Libris 52

It started with an Amazon gift certificate.

It was a generous gift card. You can do a lot with the amount I received and so I went to my wish list to see what was there. Hmm…nothing. Christmas was pretty darn good to me. Then I thought “What do the girls need?”

The realization was not long in coming: this wasn’t their gift card. I didn’t need to spend a dime on them. Truthfully, they’re both well-stocked with books and toys (not to mention incredibly well-clothed); even if they weren’t, this was still meant to be for me. Just me. So what did I want?

I couldn’t think of anything…and that depressed me. Wait! Travel clothes! I always need those. Shoes and some lightweight dresses! A good start, but what else? And I remembered this: Santa (in the form of Tom) got me a Kindle Touch. I have no need for a Kindle Fire; just a simple black-and-white e-reader would suffice for me. Besides, with no graphics or fancy games, Maggie wouldn’t be trying to steal it from me. Great–let’s fill the Kindle.

When I was younger I used to read all the time. A paperback was constantly within my reach; I kept a few in my car and in my backpack. In Hawaii I tried to read like before, but with a little kid around sleep was more of a priority. For comfort and ease I re-read old favorites again and again. This was less like reading and more like eating mental potato chips–something mindless I could do in the tub to relax. I started to feel stale and out of touch. I didn’t need to read all the contemporary hits, but I needed something more than crafting blogs. My mind was slowly stagnating.

In an effort to expand my horizons and shake off the swamp water accumulating in the ever-smoothing wrinkles in my brain, I made a resolution: read 52 new books in 2012, shooting for one per week.

Here’s my progress so far:

  1. Unfamiliar Fishes by Sarah Vowell
  2. Tim Gunn: A Guide To Taste, Quality, and Style by Tim Gunn
  3. The Misanthrope’s Guide to Life by Meg Rowland and Chris Turner-Neal
  4. Lies I Told My Children by Karen McQuestion
  5. Arrested Development and Philosophy: They’ve Made A Huge Mistake edited by Kristopher Phillips

In an effort to not spend any money I’m jumping into the public domain with The Adventures of Sherlock Holmes and starting on my Christmas gifts with Parenting Beyond Belief. I’m posting here to keep me honest; a project like this needs supporters (and recommendations!). Once I finish with the books I received for Christmas it’s my goal to not read anything else that relates to parenting, educational theory as it pertains to homeschooling, or life/home management guides until at LEAST June. I get enough of that from my blogs and I think it’s high time I reintroduce some juicy fiction in my life. I’m also not opposed to reading a few easy YA novels or some bodice-ripping romances in order to stockpile for a 4-5 week period in which I take on Infinite Jest. We shall see.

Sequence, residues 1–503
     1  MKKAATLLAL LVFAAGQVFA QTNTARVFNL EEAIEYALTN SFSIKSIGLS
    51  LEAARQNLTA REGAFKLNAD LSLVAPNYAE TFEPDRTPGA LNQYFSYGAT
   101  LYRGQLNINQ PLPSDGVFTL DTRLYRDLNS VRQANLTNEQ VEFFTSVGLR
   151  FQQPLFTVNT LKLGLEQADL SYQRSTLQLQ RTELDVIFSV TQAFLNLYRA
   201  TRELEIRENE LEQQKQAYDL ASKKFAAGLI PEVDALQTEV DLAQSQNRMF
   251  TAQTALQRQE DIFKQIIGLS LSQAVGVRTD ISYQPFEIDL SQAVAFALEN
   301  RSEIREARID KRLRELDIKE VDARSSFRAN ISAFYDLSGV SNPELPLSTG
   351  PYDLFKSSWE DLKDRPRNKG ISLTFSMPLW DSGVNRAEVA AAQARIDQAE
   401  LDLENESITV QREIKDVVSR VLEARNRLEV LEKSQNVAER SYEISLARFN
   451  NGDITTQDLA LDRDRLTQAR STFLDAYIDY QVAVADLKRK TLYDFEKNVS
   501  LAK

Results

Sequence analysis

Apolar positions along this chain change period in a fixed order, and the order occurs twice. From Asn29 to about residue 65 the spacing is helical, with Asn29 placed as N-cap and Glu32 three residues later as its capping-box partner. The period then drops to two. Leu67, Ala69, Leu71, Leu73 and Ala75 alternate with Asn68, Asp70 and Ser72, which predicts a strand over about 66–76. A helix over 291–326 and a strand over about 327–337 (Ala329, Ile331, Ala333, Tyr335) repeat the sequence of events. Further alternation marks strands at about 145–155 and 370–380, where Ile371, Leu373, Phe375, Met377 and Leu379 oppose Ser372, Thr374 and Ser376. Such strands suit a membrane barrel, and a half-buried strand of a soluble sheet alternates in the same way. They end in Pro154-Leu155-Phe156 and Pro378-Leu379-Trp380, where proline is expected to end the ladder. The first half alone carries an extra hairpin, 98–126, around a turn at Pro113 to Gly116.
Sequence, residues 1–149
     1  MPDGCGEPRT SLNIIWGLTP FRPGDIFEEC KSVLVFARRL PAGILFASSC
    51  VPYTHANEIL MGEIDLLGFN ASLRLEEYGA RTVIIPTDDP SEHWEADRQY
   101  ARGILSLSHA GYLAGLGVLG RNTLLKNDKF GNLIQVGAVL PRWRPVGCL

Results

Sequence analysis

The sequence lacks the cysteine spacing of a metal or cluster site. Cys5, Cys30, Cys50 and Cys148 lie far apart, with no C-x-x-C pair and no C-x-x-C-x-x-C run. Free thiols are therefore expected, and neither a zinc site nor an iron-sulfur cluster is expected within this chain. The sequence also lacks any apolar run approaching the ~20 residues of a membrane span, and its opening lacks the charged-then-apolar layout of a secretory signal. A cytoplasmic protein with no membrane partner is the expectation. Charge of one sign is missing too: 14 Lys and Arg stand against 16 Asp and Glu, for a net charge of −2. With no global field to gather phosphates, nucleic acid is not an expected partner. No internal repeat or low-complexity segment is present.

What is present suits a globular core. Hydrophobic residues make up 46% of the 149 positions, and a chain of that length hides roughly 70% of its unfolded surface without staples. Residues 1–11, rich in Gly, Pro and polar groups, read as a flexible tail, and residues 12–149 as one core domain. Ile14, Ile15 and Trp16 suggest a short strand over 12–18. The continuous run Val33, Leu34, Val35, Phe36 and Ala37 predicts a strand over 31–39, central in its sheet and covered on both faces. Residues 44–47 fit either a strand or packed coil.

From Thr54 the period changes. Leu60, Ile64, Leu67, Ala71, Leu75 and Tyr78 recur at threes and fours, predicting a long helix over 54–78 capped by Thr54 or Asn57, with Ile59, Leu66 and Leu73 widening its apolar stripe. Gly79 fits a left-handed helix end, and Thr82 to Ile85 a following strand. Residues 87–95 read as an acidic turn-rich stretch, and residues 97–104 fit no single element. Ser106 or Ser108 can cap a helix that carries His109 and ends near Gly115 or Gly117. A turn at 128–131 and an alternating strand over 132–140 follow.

Cheer me on, y’all. It’s time to start cultivating some of those mind grapes (and speaking of “30 Rock,” I’ve already read Bossypants. SO AMAZING).


6 thoughts on “Libris 52

  1. I highly recommend, in no particular order:
    The Hunger Games trilogy
    Water for Elephants
    The Time Travelers Wife
    A Thousand Splendid Suns
    Love is a Mix Tape
    Talking to Girls About Duran Duran
    The Wicked Years series

    Happy reading!

  2. I used to scoff at YA- then I got addicted. Have you read The Hunger Games trilogy? It’s super good, but easy reading. I loved em.

    • Yoink, I should have read this before I commented. Water for Elephants was another very enjoyable easy read.

  3. Hello, I came here by recommendation of The Everywhereist, and I really enjoy your blog!
    Some fiction recommendations: The Millenium Trilogy (read them before watching the films!). Life of Pi. At the tomb of the inflatable pig.
    YA: Looking for Alaska by John Green, and of course Harry Potter!

  4. A few years back I upgraded my only phone to one of the then ground breaking new Android phones. And found the Kindle reader, and lists of free books, and like my childhood after I finally learned to read, I was devouring books at a rate that would make Evelyn Wood blush. Late 2011 I got a tablet thinking it would be easier on my eyes, what with a larger screen and all. Last year I broke down and got a Paperwhite. Two reasons really, one the eye strain was due to the way light was projected at me, and two the tablet wasn’t nearly as portable. The Paperwhite, like the beloved paperbacks that were always with me, fits in my jeans pocket, purse or fanny pack, and it’s healthier for my eyes. Swore I’d never go digital – in terms of cameras or books, and I shoot with Canon digital myself and love my Paperwhite. Oh the worlds I’ve explored through books. One advantage to having a freakishly high reading speed? My record is 4 books in one day. Nope, not kidding. So totally love my kindle. I’ll go walk three miles on a nice day, curl up under a tree with my kindle, and then walk back later. And yeah, the “this is only for reading books” focus for me was a big seller. Less chances for me to be distracted by the whatever and forget what I’m doing. Plus it looks, feels and reads like a paperback. Then ten year old hiding in the attic with her books, blanket and pillows if much pleased. Turned half my walk in closet into a book nook. Little battery lamp, blankets, pillows, bear and a cuppa and I can (and do) vanish for hours.

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